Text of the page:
Reggie Bush wants to be back. The Dolphins want him back.
But nervous Dolphins fans should prepare themselves for this reality: Bush probably won’t be back before seeing if a better deal is out there.
After signing a two-year, $9.75 million contract in 2011, Bush had his two most productive seasons as a pro. So in his mind, the last deal represents the floor for his next. Why would Bush willingly take a pay cut when he has exceeded expectations?
But basic economics are working against him. Bush’s $4.5 million base salary last year was eighth-most among running backs, but he finished 17th in the league in rushing (986 yards). Why would the Dolphins rush to pay him more than they believe he’s worth?
“I think Reggie may be a victim of a low market,” said Charley Casserly, a longtime NFL executive who is now an analyst for NFL Network. “He’s certainly played well the last two years, but with not a lot of teams looking for backs, there are not a lot of teams looking to put money in backs.
“I would say he would be fortunate to get [a deal as good as his last contract] again,” Casserly added.
It has been two weeks since the end of the season, and it appears Bush is no closer to re-signing with the team now than he was then. And because of the push and pull explained above, don’t expect much progress between the two sides for some time.
By all indications, Bush and most of the Dolphins’ other 11 unrestricted free agents are likely to reach the open market without a new deal, meaning that as many as seven starters from last year’s team could sign elsewhere come March 12.
Brian Hartline, the team’s leading receiver, wants to stay in Miami, but has seen little progress on an extension.
Matt Moore, arguably the league’s best backup quarterback, fully expects to reach free agency to learn his true value. Corner Sean Smith, who has started 56 games in the past four years, hasn’t gotten many calls lately from the people in Davie.
And few anticipate any of that to change over the next month. The feeling among industry insiders is that the Dolphins will wait until late February’s Scouting Combine before seriously engaging with their own.
Around that same time, Dolphins general manager Jeff Ireland must decide if any of the team’s free agents deserves the franchise tag. Based on the onerous salary-cap numbers that come with the tag, don’t be surprised if the Dolphins decide against it.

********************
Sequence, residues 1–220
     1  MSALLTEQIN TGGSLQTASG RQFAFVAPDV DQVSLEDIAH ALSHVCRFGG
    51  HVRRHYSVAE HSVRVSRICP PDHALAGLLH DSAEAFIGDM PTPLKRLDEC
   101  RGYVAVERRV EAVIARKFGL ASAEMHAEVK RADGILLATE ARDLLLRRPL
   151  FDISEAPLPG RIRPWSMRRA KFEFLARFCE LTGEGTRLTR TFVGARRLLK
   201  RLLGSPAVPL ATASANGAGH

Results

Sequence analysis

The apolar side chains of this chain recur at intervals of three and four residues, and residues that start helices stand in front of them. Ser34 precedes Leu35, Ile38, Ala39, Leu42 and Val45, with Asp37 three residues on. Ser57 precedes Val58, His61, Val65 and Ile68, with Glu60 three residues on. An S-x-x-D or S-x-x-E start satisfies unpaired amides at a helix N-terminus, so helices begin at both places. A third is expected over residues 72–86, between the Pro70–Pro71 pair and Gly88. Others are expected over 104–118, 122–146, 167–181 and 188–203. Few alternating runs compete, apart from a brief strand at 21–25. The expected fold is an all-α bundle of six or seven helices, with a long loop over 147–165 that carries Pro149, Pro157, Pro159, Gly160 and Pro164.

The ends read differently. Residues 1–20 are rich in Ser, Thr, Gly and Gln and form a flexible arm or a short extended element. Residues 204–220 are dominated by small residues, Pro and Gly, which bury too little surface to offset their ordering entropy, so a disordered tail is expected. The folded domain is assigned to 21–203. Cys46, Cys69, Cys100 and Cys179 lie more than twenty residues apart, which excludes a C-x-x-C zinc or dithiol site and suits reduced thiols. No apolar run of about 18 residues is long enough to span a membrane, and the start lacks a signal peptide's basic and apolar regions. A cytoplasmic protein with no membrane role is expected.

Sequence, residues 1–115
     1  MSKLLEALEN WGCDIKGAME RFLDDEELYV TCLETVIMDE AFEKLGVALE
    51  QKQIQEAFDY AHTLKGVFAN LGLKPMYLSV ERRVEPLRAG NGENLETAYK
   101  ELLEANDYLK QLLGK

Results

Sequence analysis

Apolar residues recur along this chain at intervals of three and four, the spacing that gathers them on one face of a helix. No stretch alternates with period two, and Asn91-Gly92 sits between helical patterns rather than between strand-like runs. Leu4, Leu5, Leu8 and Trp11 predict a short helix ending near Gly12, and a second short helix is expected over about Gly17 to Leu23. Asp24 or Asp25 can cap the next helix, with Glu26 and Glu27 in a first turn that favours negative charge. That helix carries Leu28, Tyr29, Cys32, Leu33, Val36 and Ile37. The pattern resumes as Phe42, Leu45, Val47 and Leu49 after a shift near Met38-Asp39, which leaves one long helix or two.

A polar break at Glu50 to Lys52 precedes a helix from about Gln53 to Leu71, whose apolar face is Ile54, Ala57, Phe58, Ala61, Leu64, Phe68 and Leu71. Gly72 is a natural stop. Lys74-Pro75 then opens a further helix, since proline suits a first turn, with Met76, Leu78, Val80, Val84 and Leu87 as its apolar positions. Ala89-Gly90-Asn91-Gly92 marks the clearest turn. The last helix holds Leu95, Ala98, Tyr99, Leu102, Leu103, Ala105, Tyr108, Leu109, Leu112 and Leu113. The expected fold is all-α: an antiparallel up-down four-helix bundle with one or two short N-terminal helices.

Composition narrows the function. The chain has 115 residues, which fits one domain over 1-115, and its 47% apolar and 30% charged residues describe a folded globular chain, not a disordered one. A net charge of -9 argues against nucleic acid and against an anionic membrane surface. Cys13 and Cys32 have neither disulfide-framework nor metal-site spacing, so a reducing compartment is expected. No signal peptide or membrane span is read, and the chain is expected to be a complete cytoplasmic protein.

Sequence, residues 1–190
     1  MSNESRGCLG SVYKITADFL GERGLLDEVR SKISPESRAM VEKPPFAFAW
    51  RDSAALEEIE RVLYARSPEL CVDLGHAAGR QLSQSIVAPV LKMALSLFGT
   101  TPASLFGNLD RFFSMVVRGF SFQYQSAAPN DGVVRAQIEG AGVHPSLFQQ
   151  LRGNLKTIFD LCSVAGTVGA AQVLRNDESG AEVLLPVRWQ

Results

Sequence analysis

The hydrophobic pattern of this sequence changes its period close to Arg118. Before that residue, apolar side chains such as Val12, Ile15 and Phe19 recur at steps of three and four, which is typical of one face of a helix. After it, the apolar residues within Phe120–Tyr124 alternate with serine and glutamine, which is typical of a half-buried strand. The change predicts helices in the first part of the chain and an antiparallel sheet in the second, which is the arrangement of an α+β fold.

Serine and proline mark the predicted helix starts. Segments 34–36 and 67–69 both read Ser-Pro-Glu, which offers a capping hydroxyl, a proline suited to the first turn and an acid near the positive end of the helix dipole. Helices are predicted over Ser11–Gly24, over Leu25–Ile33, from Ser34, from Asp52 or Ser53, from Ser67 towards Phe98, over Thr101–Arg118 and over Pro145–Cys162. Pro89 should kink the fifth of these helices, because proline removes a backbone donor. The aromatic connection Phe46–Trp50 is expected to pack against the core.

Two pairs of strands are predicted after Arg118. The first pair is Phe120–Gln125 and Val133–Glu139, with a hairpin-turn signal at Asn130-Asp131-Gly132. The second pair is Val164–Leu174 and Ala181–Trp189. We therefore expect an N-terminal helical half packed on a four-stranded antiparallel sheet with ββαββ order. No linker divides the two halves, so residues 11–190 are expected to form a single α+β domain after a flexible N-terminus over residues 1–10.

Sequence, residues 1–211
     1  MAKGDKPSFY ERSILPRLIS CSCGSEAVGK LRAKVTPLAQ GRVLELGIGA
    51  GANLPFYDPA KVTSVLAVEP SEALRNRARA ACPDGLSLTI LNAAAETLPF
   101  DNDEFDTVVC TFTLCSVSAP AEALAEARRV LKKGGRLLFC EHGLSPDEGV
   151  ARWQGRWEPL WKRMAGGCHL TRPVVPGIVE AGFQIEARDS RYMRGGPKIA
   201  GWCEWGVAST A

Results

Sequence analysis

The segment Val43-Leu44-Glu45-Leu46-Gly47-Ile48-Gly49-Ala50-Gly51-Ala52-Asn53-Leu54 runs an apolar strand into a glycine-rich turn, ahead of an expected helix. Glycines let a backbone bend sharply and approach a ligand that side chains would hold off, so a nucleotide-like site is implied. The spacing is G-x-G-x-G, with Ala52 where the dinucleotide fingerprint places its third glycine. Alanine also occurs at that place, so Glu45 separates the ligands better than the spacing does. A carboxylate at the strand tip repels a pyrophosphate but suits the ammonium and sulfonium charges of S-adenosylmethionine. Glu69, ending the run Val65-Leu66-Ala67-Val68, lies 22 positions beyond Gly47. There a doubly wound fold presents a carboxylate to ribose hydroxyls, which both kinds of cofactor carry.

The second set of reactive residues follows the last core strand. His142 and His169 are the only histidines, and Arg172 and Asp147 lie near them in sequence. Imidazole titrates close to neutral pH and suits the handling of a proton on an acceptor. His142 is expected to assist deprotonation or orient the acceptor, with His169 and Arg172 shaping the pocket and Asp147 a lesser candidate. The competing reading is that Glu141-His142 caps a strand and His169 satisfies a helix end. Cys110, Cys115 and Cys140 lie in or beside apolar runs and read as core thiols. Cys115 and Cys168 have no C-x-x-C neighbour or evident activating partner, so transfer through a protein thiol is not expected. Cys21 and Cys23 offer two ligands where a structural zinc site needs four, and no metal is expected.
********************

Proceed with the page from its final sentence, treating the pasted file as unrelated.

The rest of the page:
Under the franchise tag, tackle Jake Long would be owed $15 million, Smith and Hartline around $10 million and Bush roughly $8 million.
By way of comparison, Adrian Peterson — who just had the second-most prolific rushing season in NFL history — earned $8 million last year.
Huge cap space
The Dolphins have a staggering $47 million in cap space heading into 2013 — the third-most in the league — and Steve Ross recently pledged to open the wallet. But the team’s recent history has been to save, not spend.
In 2012, the team doled out roughly $82 million on the 24 players considered starters — the fifth-lowest amount in the NFL. Granted, that’s skewed by the fact that quarterback is usually the highest-paid player on the team, and Ryan Tannehill is on his rookie contract.
Still, only one skill-position player currently under contract will make more than $1 million in base salary next year: Davone Bess.
The case for adding
Considering the team scored just 18 points per game last year, many question the logic of letting their own established playmakers go when the team should be adding, not subtracting.
Which, intuitively, brings us back to Bush, who has repeatedly said that he wants to return to Miami.
“I would keep him,” said Daniel Jeremiah, a former league scout who’s now with NFL Network.
Jeremiah believes Bush deserves a new contract again paying him in the neighborhood of $5 million per season.
“I think he’s a valuable guy,” he added. “You can do so many things with him. When he gets into the open field, he’s explosive, electric.”